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2018 Strategic Directions:Smart Cities & Utilities Report

Are Smart Cities Real?

Is the smart city hype cycle over? Have concerns about cost, security and public skepticism finally won out over the benefits of efficiency, sustainability and public safety? It is fair to consider whether the futuristic visions of hyper- connectivity and advanced livability, enabled by accessibility to vast streams of data, can withstand the very real concerns that municipalities cannot afford the technologies behind smart city projects. 

It is fair to consider whether the futuristic visions of hyper- connectivity and advanced livability, enabled by accessibility to vast streams of data, can withstand the very real concerns that municipalities cannot afford the technologies behind smart city projects. A close look at survey responses contained within the Black & Veatch 2018 Smart Cities & Utilities Report reveals some unsettling retrenchment tied to cost and stakeholder engagement: 

  • Rising numbers of respondents say smart cities are a passing fad, and if they happen at all, they are likely far off in the future.

  • Perhaps the most influential of smart city stakeholders — the electric utility — are sometimes being left out of new initiatives, or taking support roles instead of leadership. 

  • Possibly the biggest worry of all is cost. City leaders continue to cite affordability and tight budgets as a critical inhibitor to smart city initiatives. Some very high-profile smart city projects in places like San Diego, Seattle and Kansas City prove that each of these obstacles can be overcome; however, it is also true that leaders of successful projects faced these questions before making the hard choice to push forward. What do they see that others may miss?

Smart City Staying Power

Among the most interesting findings from this year’s survey is the rising sentiment among those who view smart cities as lacking substance. While it’s true that an overwhelming 85 percent of respondents say smart city projects are transformational with long-lasting impacts on cities, the number of respondents who see the trend as a fad more than doubled from the previous year (Figure 9).

Figure 23. Listed below are several opposing statements related to “smart city” initiatives. Please select the statement you agree with most.

Listed below are several opposing statements related to “smart city” initiatives. Please select the statement you agree with most.

Cost Drives the Conversation

Budget impacts carry the most primacy in any smart city project discussion. Nearly two-thirds of survey respondents (from governmental or municipal circles) cited budget constraints as their top hurdle to implementing smarter systems. There were also interesting increases in the numbers of respondents who cited time constraints and short-term mindsets as barriers within their organizations (Figure 10).

Figure 24. What are the top three hurdles that your city/utility has had to address to enable utility, city/community or campus systems to be managed in a smarter, more integrated way? (Select three choices.)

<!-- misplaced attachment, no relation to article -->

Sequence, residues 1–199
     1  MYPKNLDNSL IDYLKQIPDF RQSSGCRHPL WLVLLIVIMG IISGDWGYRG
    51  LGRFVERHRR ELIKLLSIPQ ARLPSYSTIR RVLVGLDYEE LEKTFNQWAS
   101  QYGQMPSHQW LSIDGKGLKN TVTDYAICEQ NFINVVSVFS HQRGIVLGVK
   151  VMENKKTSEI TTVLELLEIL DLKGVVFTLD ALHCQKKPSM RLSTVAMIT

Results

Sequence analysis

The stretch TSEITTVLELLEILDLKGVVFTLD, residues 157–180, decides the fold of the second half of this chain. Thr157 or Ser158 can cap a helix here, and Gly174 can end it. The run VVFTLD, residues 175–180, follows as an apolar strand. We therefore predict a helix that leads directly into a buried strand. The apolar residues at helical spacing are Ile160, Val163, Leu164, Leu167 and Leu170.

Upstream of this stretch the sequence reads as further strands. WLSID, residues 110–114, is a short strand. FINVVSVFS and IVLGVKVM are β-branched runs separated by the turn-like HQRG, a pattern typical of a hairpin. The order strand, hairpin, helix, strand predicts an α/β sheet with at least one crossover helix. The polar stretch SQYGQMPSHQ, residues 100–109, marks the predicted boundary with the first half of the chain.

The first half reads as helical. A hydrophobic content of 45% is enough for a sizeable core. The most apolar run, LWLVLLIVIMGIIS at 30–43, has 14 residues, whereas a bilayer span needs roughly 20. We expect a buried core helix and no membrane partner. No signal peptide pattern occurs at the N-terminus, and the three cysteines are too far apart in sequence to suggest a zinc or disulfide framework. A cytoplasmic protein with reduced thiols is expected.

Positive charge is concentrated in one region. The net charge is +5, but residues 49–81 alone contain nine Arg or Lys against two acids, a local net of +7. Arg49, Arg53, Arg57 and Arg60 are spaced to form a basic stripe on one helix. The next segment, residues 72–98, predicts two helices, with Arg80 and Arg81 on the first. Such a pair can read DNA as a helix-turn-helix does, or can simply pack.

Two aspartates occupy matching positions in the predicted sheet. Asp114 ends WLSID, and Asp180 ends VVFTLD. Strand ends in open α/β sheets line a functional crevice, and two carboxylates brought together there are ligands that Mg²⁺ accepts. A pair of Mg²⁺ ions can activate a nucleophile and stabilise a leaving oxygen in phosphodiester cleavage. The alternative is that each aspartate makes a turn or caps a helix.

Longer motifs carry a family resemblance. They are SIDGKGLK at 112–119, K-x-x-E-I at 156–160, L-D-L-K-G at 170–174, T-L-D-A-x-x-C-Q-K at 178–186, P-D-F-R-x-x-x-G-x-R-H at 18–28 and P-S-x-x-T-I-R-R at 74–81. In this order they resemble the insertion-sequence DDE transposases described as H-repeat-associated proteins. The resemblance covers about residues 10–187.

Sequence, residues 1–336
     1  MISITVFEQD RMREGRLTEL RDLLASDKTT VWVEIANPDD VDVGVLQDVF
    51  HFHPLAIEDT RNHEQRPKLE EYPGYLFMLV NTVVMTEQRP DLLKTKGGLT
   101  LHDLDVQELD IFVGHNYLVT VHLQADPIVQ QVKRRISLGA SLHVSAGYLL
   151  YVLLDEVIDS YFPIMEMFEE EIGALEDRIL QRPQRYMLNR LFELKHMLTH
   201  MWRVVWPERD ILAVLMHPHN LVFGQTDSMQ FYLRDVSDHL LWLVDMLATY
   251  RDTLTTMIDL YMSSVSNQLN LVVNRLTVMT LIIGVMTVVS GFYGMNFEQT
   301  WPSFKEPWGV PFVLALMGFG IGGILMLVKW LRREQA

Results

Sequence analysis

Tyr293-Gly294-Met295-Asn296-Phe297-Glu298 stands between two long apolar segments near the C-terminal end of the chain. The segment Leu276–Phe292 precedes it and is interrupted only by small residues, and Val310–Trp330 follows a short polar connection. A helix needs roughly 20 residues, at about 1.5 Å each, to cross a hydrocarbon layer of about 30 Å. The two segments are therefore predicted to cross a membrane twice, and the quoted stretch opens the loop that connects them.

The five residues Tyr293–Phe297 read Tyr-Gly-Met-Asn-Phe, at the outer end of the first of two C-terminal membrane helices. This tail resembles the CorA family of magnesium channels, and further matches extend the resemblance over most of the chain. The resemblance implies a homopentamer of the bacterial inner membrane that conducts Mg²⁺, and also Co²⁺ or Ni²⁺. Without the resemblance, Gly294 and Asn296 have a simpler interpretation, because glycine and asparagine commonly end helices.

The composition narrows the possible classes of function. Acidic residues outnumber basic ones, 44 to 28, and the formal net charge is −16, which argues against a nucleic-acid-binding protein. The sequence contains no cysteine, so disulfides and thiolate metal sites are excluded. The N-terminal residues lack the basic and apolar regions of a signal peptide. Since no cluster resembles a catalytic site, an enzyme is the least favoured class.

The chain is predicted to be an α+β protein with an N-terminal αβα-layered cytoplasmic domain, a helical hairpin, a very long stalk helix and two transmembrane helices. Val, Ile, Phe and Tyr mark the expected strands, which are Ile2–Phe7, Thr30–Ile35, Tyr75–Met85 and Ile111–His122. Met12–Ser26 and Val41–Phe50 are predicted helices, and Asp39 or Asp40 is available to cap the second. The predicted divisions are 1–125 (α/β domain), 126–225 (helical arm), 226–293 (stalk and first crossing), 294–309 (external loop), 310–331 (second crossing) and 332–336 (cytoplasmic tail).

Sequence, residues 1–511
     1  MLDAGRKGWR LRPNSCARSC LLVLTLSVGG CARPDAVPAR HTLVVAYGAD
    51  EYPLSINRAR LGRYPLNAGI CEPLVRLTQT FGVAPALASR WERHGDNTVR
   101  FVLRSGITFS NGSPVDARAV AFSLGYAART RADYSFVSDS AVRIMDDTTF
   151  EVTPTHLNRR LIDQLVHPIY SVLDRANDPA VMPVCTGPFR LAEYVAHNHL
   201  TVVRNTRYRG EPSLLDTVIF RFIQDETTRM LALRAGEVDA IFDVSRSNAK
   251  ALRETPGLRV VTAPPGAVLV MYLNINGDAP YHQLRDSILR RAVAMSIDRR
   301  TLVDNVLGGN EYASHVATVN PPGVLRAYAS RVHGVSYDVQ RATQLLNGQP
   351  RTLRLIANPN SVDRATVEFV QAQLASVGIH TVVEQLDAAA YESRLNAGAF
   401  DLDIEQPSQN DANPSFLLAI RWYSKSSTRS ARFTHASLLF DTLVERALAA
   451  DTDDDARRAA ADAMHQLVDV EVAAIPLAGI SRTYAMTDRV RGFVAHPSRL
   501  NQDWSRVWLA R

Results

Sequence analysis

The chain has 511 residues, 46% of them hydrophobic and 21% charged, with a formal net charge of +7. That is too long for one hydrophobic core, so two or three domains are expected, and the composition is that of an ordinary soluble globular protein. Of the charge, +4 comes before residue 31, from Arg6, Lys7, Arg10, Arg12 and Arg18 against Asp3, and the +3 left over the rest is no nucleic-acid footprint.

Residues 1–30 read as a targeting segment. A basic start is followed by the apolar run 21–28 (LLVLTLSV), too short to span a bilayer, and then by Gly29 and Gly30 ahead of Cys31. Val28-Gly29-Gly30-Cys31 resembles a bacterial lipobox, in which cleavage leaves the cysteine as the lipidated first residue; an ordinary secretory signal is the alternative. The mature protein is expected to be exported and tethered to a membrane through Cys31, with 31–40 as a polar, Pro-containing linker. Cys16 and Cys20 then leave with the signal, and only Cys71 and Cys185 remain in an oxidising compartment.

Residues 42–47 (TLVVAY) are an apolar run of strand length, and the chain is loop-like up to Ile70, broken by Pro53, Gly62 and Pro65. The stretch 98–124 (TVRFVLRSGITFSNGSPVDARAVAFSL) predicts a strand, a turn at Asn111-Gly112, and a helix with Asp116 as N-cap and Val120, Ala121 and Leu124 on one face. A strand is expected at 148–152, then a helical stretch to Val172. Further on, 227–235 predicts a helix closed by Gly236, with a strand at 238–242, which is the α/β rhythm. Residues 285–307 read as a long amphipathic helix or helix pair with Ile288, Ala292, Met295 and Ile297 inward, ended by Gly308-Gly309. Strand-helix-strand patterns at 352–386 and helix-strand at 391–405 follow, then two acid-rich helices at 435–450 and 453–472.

Figure 24. What are the top three hurdles that your city/utility has had to address to enable utility, city/community or campus systems to be managed in a smarter, more integrated way? (Select three choices.)

Electric Utility Blackout

With power being one of the fundamental elements of any city, lessons learned in the generation and delivery sectors have put electric utilities in a prime position to lead successful smart city projects. Their experience in innovating on the grid, adopting new business models and deploying technology to drive efficiency meshes well with the smart city movement.

Yet, responses in this year’s survey showed nearly 35 percent of utilities are playing support roles in smart city initiatives, with more than 28 percent playing no role. These utilities are too frequently left to supporting roles, or no part at all, when projects get underway. 

Electric utilities are facing a need and opportunity to transform their business because of the bidirectional nature of distributed generation and energy storage. We see a time, perhaps in the next five to 10 years, when distributed generation will outgrow conventional utility plant generation in certain regions. The amount of data and information needed from these systems is only going to become more and more relevant. Connectivity between systems will be critical in harmonizing how electric vehicles, distributed generation, energy storage and conventional generation all work together to match energy supply to demand, and provide needed system resiliency.

Energy innovation is at the heart of the smart city. Utilities are modernizing their grids, empowering customers and integrating new market participants, business models and technologies. It is imperative that utilities have a seat at the table, driving the smart city forward.

The Questions are Real, but so are the Answers

The future of connected communities relies on strategic urban infrastructure that arises from the critical smart city layers of infrastructure, data and telecommunications. But how can we help cities, utilities and telecommunications providers better understand and take advantage of these critical components?

Perhaps we should start by moving away from the hype when validating the real cost concerns for cities. We can then begin the dialogue to develop an understanding of the broad benefits data and connected systems bring to citizens. From that understanding, visionary leaders will lead the way to make the benefits come to life.

 

Contact us to learn more about what we can do for you.

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